Prayer
Loving God, we come with hearts of Gratitude to you for creating us out of your Love to be your adopted daughters and sons.  We come with thanksgiving for your “divine foolishness” in inviting us to lead others to you by the way we share your love with others.  We also come with a keen awareness of our weakness and our selfishness which so often blurs the image of your presence.  Trusting in your Goodness and Forgiveness, we dare to ask for the grace both to cherish being created as a gift to the world and to let go of whatever prevents us from your gift.

Norma Rocklage, OSF
Sisters of St. Francis, Oldenburg, IN

Vacation Thoughts, a reflective prayer by S. Karla, OSF

God of all activity, in your wisdom, you’ve given us a very energetic world.  Our minds and imaginations are all instruments that enable us to find you in quiet, prayer, and activity.  Yes, just now, that gift of imagination took my mind on a ferris wheel ride.  I was caught up in all the times we went round and round, and all the seats held people of various ages, cultures, and life styles.  I wondered why I was a part of this “gang” going round and round, and what this has to do with the quiet I was trying to experience?  Then it hit me, this “gang” symbolizes all who ride the ups and downs of a lifetime, all part of the grand scheme of the adventure we call life.  Give me a clearer vision that the activity that calls for justice, peace, and acceptance is within my reach.  God of all activity, clue me in to how all the ups and downs can bring substance and harmony to life.

 

S. Karla, OSF
Oldenburg Franciscan Center
Sisters of St. Francis, Oldenburg

Antennae, by S. Sharonlu Sheridan, OSF

Before cable television there was the antenna.  Some of us may remember rabbit ears on the TV set that we twisted and adjusted and even added foil to so that we could get a good picture.  Then the super antenna came out. This took care of clarifying the picture, adjusting the color and sharpening the words on the screen just by turning a knob on the operating apparatus.

Such things are still around, mostly left there after cable was installed.  We have one on the roof of the building where I work.  Its arms reach out all four ways, searching the best path to pick up the waves that brought us pictures in the several rooms of our building.

It was really a marvel, lost now in the advanced technology of cable. It fascinates me still.  All those arms kept reaching out to bring in something good to whomever chose to make use of it.   The many arms were required to pick up diversified sensations.

That is like adjusting what you have to say to your audience.  We can talk to children about the beauties of nature mostly by commenting while they are having the experience.

For example, Kevin was 1 ½ years old, and in the group of 8 babies entrusted to the care of another woman and me.  He was a biter.  Let him get a bit frustrated and he would bite the child who bothered him.   One morning he and another tot got into a fight. (Can you imagine a fight between two 18 month-old boys?!)  I separated them into opposite corners of the room.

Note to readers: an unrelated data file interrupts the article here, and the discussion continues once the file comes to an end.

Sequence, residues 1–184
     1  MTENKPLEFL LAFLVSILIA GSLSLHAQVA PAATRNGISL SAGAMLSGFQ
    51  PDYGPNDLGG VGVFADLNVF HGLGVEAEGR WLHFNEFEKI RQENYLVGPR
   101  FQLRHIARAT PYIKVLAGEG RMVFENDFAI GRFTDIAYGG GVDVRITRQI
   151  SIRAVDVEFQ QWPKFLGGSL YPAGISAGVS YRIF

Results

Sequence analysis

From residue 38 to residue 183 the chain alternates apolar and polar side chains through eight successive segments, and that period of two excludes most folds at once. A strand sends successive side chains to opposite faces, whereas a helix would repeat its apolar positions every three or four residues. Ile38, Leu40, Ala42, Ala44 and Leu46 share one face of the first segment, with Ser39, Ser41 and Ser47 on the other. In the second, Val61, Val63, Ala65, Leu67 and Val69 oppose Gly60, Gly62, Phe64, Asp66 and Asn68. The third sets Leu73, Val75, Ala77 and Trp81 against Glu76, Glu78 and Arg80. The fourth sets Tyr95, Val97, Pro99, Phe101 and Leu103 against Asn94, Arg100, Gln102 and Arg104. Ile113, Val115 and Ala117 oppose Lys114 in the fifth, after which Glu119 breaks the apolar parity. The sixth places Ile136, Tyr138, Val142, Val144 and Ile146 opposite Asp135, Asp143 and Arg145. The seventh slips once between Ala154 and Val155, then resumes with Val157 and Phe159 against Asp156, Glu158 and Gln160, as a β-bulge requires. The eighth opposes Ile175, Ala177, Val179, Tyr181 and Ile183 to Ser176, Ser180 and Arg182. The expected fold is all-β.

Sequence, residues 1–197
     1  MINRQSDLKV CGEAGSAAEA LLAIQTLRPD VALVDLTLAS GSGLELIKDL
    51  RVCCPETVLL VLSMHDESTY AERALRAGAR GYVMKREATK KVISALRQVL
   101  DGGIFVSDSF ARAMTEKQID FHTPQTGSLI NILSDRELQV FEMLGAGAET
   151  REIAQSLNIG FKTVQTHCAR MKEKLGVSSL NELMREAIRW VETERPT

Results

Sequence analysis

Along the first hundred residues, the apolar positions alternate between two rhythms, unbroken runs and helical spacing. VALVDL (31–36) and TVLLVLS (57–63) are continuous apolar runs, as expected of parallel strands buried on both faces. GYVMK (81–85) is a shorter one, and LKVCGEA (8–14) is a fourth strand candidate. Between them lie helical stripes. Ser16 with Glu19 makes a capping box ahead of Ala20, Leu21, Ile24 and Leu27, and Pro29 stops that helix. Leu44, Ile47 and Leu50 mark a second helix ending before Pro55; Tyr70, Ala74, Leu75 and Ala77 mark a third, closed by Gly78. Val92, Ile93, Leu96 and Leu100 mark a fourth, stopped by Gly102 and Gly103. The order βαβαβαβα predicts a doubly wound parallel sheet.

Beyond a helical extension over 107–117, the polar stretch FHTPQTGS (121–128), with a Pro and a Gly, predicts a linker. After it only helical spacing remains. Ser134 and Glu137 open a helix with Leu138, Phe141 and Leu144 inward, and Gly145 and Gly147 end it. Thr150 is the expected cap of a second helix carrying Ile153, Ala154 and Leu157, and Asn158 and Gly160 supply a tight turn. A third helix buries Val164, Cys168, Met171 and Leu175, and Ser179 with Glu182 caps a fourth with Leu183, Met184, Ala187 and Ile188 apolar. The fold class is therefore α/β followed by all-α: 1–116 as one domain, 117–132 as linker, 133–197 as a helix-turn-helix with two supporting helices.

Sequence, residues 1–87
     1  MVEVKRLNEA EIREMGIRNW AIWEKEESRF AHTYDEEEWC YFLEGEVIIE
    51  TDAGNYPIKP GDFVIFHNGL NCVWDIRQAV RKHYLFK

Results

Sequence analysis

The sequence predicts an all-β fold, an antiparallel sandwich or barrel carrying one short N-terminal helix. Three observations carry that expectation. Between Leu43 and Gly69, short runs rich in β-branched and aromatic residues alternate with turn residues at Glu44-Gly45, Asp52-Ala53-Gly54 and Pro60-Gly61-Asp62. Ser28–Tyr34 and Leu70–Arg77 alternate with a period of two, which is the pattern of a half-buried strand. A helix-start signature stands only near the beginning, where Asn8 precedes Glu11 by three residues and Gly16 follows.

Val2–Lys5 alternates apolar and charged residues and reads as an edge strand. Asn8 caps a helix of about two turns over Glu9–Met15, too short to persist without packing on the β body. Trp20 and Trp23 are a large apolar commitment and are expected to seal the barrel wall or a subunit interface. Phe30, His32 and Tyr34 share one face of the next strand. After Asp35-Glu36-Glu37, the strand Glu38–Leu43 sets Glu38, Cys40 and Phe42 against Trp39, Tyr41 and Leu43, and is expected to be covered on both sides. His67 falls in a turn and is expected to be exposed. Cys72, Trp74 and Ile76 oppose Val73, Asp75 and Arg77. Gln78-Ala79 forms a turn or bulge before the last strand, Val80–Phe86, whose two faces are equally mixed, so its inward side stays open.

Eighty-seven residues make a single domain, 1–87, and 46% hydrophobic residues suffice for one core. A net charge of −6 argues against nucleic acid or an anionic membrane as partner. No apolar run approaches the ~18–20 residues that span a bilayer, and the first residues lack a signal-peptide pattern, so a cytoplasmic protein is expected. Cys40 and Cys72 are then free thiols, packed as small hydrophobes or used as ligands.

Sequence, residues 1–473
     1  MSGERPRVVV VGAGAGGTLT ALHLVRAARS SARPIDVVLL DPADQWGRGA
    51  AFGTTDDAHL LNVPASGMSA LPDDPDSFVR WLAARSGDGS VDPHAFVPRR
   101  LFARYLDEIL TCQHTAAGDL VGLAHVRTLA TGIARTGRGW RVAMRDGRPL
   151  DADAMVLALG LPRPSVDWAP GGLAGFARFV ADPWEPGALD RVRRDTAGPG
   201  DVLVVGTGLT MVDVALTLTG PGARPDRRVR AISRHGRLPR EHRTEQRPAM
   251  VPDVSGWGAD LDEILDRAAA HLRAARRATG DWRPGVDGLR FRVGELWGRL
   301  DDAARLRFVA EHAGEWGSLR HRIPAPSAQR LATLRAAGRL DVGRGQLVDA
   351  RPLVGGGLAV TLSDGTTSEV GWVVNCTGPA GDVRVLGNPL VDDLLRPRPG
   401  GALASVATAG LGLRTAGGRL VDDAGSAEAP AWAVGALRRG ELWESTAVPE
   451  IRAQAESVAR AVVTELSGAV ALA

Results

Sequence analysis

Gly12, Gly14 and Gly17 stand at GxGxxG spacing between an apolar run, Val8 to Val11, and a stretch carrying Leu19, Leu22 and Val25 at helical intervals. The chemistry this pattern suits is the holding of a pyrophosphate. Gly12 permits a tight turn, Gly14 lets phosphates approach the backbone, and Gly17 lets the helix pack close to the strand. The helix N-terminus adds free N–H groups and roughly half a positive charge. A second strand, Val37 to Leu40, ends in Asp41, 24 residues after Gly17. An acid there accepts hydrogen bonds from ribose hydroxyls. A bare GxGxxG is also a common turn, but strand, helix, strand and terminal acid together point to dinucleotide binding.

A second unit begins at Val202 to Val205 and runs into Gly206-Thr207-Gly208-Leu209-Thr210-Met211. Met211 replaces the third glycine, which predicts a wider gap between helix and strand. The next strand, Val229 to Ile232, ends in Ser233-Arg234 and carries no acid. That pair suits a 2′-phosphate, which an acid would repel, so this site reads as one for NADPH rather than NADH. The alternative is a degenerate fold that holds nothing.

It happened that I had brought 8 daffodils to work that day.  So I put a flower in the hands of each of these two ruffians.  It was the first time Kevin and Jake had ever touched a natural flower.   Kevin particularly, kept touching the stem, eyes wide with wonder.  When he discovered the bloom, I thought he would poke his little fingers into the bowl, or pull the petals off.  But no, he petted the petals, with such tenderness, I almost teared.  That gave me some insight as to how I might deter him from biting by appealing to his tender side.  Jake in the meantime was swinging his daffodil back and forth like a flag at a parade.

When we speak of God and the marvelous and diverse ways we find God with us, we might think of the antenna. We tell others in our own way of the marvels God has given, but we must also be sure to speak in the words and manner of the people we address.  A daffodil to an adolescent may not reach him as it did Kevin.  And a 350 page book may not either.

Reach out. Find a way to bring the outrageous generosity and mercy of God to all you encounter.  Begin with a glance that from your eyes speaks kindness, to your smile that speaks love, and to your arms that open to all.  It matters not if they are sweet or cranky, tender or tough, clean or dirty, young or old.  Like the antenna, reach out all ways and always.  You will find a path that brings the message in. Hope always finds a way.

Live in Hope,
Sharonlu, OSF
Oldenburg Franciscan Center
Sisters of St. Francis, Oldenburg

Prayer for Rain, by S. Karla Barker, OSF

Prayer for Coolness & Rain

Text:

Loving God, there are times when the discomforts we experience, as we do now with the drought and heat, can be a reminder to us of our dryness in prayer and our relationship with you.  The drought we allow in our heart can only be watered by our turning to You, our Creator.  We pray, then, that the severe lack of rain and cool air, the relief needed by Earth and all who are suffering will come bringing blessing.  Our prayer is in gratitude for your gifts of coolness and Sister Water.  Amen.

Prayer by S. Karla Barker, OSF
Oldenburg Franciscan Center